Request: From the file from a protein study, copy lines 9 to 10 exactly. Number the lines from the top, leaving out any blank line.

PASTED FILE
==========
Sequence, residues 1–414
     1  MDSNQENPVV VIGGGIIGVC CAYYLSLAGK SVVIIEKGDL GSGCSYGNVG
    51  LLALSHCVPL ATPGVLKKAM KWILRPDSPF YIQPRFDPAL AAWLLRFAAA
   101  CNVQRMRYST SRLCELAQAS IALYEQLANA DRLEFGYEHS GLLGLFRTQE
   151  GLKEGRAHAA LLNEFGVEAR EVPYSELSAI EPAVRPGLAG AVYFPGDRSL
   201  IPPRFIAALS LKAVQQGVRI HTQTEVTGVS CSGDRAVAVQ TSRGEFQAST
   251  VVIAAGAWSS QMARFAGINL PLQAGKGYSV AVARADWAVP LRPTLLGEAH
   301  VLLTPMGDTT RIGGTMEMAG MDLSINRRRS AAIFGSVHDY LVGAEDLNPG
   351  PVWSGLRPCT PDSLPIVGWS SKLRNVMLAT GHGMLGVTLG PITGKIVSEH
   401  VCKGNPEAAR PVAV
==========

   351  PVWSGLRPCT PDSLPIVGWS SKLRNVMLAT GHGMLGVTLG PITGKIVSEH
   401  VCKGNPEAAR PVAV